In May 2001, the Legislative Audit Commission directed our office to study how local governments manage their computer systems and what factors influence those decisions. The study addresses these research questions:
What infrastructure is necessary to support local government computer systems?
What are the options used by Minnesota local governments to manage their computer systems? What services does each option provide? What are the advantages and disadvantages for local governments to either (a) manage their own computer systems, (b) join collaborations to provide the services, or (c) use outside vendors? What best practices lead to efficient and effective management of computer systems?
In answering these questions we reviewed literature and Web sites that describe practices necessary for the effective and efficient use of computer systems. We interviewed local government officials as well as staff from computer vendors and intergovernmental computer collaborations. During the course of the study, we consulted with a technical advisory panel of local officials involved with computer systems in their own jurisdictions. More information on the methodology of the study is available in Appendix A.
This report has three chapters. Chapter 1 provides basic background information on the components of computer systems and some differences among computer systems in Minnesota's local governments. Chapter 2 describes the options for managing computer systems and their advantages and disadvantages. The chapter also explains how local governments should prepare to evaluate the management options. In Chapter 3, we explain best practices that local governments should consider when evaluating computer management options. This chapter also offers examples of local governments using the best practices.
At the same time this study was underway, we researched best practices in how local governments provide information and services on-line, known as e-government. Although these two studies covered some similar ground, each was distinct enough to warrant a separate report. The report on e-government is available on-line at www.auditor.leg.state.mn.us/ped/2002/pe0208.htm.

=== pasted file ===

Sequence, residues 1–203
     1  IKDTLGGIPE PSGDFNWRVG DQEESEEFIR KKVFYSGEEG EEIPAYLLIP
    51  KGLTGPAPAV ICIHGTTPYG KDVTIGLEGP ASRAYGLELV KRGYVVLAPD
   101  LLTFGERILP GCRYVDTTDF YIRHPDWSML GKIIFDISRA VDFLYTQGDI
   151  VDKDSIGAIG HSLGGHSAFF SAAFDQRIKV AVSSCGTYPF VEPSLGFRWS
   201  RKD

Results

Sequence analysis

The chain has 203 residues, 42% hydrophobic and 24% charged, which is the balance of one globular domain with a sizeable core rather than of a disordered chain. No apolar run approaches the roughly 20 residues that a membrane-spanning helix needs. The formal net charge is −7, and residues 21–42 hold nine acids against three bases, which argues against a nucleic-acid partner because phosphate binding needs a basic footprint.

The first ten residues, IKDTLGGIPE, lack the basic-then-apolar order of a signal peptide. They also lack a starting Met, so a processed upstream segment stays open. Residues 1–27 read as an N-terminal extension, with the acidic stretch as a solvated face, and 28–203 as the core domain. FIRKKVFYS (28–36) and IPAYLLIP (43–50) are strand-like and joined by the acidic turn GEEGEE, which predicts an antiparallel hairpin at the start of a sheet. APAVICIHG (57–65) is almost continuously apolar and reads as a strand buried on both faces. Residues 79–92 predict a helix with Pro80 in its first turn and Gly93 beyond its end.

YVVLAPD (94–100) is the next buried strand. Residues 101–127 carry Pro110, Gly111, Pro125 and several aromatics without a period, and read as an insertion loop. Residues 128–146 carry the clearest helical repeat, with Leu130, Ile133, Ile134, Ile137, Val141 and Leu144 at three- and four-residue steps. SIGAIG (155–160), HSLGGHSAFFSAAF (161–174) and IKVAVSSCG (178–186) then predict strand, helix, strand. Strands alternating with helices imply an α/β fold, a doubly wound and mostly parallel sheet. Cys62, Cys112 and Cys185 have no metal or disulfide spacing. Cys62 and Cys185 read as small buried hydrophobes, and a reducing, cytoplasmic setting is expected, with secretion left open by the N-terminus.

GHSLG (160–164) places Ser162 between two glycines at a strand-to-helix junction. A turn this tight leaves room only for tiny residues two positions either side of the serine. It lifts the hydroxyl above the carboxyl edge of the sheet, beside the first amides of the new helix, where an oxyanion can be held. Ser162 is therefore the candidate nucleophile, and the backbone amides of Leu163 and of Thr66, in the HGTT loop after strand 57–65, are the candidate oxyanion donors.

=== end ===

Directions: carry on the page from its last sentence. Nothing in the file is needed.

Background on Computer Systems SUMMARY Computer systems consist of hardware, software, and data, which need to be supported by staff, facilities, and management programs. Although most local governments use personal computers, counties are more likely than cities or school districts to use mainframe computers or minicomputers. About 27 percent of cities with populations under 500 do not have personal computers. Counties, school districts, and large cities typically have more complex computer systems than medium and small cities.
Because the complexity of local government computer systems varies, this chapter begins by defining the major components of computer systems for readers who may not be familiar with them. Experienced computer users, however, may wish to bypass this basic information. This chapter also describes some differences and similarities we found in the computer systems used by Minnesota's counties, cities, and school districts. In the chapter we ask:
What does a computer system include? What infrastructure is necessary to support computer systems, however complex they may be? To answer the questions we reviewed national literature and Web sites from organizations that focus on computer system management. We also surveyed Minnesota local governments in the fall of 2001 for basic information on their computer systems. Information about our survey methodology is in Appendix A. Aggregate results of the survey are available on-line at www.auditor.leg.state.mn.us/ped/2002/pe0209.htm.
COMPUTER SYSTEM OVERVIEW Although early government computer systems were typically large computers isolated from most staff, information technology (IT) now comprises much more than large, stand-alone computers. Today, many local government staff use personal computers to perform a range of functions. Software applications designed to work together can link citizens to services and provide information across departments. Recent studies suggest that gains in worker productivity during the last decade are in part due to IT, more so as organizations change how they do business to take advantage of available technologies.